With the help of Chinese tea farmers, Brazil’s tea-planting industry boomed, with several other regions following Rio and becoming engaged in tea planting. In those days, the tea produced in Brazil not only met domestic demand, but it also successfully entered the global market. At that time, drinking tea was fashionable in Brazilian high society, and tea was once the national drink of Brazil. At the Vienna International Exhibition held in 1873, tea produced in Brazil won second place to Chinese tea.

Now, there is a sightseeing stand called the “Pavilion of China” in Tijuca Forest National Park in Rio. There visitors can experience a famous view of the city, which was built to commemorate the Chinese tea farmers who used to grow tea there. The “Pavilion of China” even appears in Rio, a film that is popular around the world.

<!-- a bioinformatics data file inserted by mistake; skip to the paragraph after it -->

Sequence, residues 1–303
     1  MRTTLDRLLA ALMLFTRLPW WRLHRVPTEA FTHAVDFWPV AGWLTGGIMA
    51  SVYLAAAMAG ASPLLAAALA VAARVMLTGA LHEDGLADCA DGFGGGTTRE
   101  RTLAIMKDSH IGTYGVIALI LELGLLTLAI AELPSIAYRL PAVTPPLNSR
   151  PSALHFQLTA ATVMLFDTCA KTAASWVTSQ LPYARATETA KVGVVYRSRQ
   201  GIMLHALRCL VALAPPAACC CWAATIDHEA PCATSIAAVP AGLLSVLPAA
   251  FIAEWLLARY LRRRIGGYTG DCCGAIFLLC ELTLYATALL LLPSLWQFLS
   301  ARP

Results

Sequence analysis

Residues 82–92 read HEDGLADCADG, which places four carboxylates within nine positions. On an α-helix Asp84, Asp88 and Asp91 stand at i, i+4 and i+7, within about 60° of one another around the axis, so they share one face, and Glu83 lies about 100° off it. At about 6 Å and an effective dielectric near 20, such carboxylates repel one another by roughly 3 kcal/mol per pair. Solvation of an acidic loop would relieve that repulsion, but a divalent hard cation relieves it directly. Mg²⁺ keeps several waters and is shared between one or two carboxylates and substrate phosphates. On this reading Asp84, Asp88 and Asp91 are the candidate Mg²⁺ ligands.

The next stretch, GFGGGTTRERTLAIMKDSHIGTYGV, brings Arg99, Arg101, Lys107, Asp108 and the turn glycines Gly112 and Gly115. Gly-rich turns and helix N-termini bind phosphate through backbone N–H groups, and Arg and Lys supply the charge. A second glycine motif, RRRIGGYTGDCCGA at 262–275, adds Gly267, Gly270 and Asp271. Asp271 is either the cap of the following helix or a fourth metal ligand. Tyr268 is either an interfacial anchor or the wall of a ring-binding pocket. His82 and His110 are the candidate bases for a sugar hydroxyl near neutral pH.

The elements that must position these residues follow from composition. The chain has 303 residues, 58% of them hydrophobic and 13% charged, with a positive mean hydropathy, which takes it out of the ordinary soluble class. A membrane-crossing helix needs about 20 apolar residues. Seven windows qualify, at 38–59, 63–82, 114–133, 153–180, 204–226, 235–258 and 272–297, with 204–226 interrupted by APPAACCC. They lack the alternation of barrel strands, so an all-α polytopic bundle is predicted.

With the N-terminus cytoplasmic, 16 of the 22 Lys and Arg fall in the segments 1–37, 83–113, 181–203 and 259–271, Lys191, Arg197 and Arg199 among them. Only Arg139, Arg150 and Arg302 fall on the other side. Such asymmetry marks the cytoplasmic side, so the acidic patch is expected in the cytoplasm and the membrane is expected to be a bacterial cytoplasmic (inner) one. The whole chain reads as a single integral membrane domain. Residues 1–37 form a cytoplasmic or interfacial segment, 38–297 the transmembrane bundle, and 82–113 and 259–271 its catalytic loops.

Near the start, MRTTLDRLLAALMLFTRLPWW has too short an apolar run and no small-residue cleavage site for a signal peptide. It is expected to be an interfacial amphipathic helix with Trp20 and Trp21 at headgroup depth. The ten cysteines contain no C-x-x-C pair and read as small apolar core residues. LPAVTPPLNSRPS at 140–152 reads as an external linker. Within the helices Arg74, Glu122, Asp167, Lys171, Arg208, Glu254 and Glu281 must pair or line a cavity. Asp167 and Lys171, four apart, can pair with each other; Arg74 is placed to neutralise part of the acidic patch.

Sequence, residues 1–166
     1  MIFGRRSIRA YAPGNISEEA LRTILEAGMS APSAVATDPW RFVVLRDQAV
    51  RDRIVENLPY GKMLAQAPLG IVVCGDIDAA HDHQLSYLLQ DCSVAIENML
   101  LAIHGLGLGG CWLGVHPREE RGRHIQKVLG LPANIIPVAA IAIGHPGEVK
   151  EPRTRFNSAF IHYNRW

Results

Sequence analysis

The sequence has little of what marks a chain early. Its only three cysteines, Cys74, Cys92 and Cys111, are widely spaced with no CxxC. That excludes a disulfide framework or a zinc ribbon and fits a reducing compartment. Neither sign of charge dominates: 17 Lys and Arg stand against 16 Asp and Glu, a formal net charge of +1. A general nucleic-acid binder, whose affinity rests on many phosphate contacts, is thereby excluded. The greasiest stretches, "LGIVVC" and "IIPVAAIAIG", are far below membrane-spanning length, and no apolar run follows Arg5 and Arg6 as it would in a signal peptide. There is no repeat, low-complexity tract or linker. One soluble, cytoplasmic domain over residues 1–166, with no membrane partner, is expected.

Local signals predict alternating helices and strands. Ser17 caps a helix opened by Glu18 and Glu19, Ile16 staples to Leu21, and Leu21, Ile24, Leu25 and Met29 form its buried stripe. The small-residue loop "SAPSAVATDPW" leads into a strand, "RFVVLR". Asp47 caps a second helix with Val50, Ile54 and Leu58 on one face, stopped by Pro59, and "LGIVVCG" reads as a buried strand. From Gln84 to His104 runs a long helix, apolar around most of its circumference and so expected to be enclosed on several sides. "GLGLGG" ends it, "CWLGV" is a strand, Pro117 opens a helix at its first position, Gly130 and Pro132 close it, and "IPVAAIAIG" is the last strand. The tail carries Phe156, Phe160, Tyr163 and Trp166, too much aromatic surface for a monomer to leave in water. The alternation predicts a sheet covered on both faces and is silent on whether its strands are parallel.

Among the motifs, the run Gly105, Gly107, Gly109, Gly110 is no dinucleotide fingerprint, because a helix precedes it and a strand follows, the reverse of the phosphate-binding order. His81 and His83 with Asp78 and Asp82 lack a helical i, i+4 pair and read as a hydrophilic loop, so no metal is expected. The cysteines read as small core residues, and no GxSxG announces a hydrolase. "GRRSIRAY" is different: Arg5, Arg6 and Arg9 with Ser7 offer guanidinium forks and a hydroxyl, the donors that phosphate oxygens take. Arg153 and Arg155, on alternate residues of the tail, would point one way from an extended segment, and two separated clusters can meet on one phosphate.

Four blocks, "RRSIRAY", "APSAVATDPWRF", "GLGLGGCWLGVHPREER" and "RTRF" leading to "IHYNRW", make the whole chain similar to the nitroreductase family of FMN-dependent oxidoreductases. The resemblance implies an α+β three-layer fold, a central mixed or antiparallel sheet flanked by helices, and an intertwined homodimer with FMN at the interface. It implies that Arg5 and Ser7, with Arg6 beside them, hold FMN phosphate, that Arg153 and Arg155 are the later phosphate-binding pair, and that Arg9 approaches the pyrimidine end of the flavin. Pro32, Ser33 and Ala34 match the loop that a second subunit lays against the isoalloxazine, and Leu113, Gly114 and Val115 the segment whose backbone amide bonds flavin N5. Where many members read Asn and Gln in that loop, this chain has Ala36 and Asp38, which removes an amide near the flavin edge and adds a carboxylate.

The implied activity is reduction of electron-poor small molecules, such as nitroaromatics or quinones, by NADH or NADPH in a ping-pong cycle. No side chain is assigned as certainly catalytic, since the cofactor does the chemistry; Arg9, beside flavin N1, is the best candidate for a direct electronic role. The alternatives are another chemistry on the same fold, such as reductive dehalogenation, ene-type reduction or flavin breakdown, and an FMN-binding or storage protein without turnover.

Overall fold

The famous Chinese painter Zhang Daqian, who lived in Brazil for 17 years, built a celebrated garden—the Bade Garden—in a suburb of Sao Paulo. When he had just arrived in Brazil in early 1953, one day Zhang Daqian strolled along a hillside near his friend’s home, where at that time was living temporarily, and he came up a scene that resembled his hometown of Chengdu Plain. As a result, he bought the land and took three years to build a Chinese-style garden covering an area of 145,200 square meters. There are many persimmon trees planted in the garden, and it is said in China that the persimmon tree has eight virtues. “Eight virtues” refers to “ ” (Ba De) in Chinese characters, hence the name Bade Garden. According to the Miscellaneous Morsels from Youyang by Duan Chengshi, a writer in the Tang Dynasty, the persimmon tree has seven virtues: first, it can live long; second, it provides shade; third, there is no bird’s nest; fourth, it is not wormy; fifth, its autumn leaf can be used for play; sixth, it can give joy to guests; and seventh, its fallen leaf is big and can be used to write on. Zhang Daqian added the eighth virtue: its leaves can be decocted for treating gastric diseases (another version suggests that Zhang deemed the persimmon tree a subject worth painting).